So after seeing Caché (2005) recently, and realizing that I am fascinated with Michael Haneke’s stories and directing style, I decided to devote some time to watching his films. All of them, in order, if possible.
The Seventh Continent and Benny’s Video are the first two films in Haneke’s so-called “Glaciation Trilogy”, which deals with “emotional glaciation”. It’s such a beautiful, concrete, spot-on term describing the unknowable malaise that affect the families in these two films, slowly but surely stripping them of life. The Seventh Continent in my opinion is the superior of the two, beginning with a shot of a family sitting inside their vehicle in a car wash. What is more pointless than sitting inside a car that is being washed by a machine? Why not just step out and do chores, read a book, enjoy the sunlight? But the family members themselves are like machines, and we feel the deadening effect of their days as we watch them prepare meals, go to work, go to school, eat breakfast, pay at the cashier. If they are happy doing these things we do not know, because Haneke frames the shots in such a way that we only see their torsos. Maybe their eyes are so dead that they are not worth filming. The repetitive shots of cashiers’s fingers typing the prices of the objects they buy at the grocery – like all the other shots that seem so pointless and yet such a part of our own daily lives – become meaningful and sad in hindsight, after we witness the third act. Anne, the mother, only shows emotion in the grocery after the decision (I must not tell you); when the grocer asks, “Are you having a lot of people over?”, Anne bites into a piece of chocolate, her face bright, suddenly so full of life and purpose, and says no.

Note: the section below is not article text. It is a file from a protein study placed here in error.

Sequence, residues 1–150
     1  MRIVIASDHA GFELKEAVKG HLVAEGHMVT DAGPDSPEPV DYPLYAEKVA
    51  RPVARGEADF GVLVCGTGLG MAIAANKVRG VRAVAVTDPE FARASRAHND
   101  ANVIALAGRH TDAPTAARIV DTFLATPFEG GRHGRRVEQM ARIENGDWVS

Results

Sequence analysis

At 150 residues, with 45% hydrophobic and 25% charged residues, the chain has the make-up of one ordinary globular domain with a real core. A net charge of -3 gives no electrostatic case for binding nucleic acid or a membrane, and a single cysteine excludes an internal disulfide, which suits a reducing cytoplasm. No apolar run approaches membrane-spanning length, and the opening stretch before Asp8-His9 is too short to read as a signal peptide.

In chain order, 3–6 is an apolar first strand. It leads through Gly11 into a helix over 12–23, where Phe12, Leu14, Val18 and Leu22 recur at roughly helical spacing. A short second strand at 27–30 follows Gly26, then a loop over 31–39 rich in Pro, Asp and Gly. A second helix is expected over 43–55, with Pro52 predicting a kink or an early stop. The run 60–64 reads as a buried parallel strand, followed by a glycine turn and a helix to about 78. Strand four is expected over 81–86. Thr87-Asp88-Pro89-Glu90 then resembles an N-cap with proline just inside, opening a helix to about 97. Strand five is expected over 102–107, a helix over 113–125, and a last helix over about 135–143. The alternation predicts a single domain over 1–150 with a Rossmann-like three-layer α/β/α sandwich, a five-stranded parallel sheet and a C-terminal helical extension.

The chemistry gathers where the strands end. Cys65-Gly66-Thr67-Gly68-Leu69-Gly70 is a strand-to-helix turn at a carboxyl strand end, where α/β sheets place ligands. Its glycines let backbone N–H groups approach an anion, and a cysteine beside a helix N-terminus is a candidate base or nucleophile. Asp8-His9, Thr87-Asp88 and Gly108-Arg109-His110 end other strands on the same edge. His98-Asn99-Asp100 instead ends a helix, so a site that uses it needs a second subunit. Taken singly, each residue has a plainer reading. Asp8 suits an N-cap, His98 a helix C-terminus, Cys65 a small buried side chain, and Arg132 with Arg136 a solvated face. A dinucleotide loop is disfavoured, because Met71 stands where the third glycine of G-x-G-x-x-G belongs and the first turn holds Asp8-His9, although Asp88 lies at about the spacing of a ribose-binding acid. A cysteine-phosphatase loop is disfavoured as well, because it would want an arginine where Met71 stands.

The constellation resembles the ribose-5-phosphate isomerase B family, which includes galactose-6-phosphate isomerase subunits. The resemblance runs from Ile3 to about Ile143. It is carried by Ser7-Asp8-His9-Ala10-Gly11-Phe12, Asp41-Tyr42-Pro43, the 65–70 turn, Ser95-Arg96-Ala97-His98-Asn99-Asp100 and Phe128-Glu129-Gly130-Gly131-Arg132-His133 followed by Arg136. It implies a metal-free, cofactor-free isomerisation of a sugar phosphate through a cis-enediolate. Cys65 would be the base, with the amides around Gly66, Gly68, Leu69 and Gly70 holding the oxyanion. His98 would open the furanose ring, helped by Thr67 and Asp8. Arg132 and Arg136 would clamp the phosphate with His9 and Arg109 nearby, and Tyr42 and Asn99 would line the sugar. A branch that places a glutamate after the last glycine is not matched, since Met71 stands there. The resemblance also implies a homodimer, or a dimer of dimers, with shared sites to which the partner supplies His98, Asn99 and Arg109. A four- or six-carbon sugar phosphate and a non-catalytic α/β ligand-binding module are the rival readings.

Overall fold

The brilliance of The Seventh Continent must have spoiled me, because I felt nothing for Benny’s Video. I love the clinical precision of the cinematography, but – and this is disturbing to say – it’s supposed to be shocking but it no longer shocks me, having been shocked by Haneke before. Benny is a 14-year-old boy who is so in love with videos that he’d rather watch a live video feed of the street outside rather than look out of the window. It’s about disconnected youth, a well-off family who only looks closer when something horrible happens, but these are topics that have been tackled before in cinema and elsewhere. I was hoping the film could give me some new insight, but instead it shows a boy watching violent films and listening to metal. (Although one can argue that Benny is a born psychopath attracted to violent media.) It felt too simplistic, and said nothing new to me.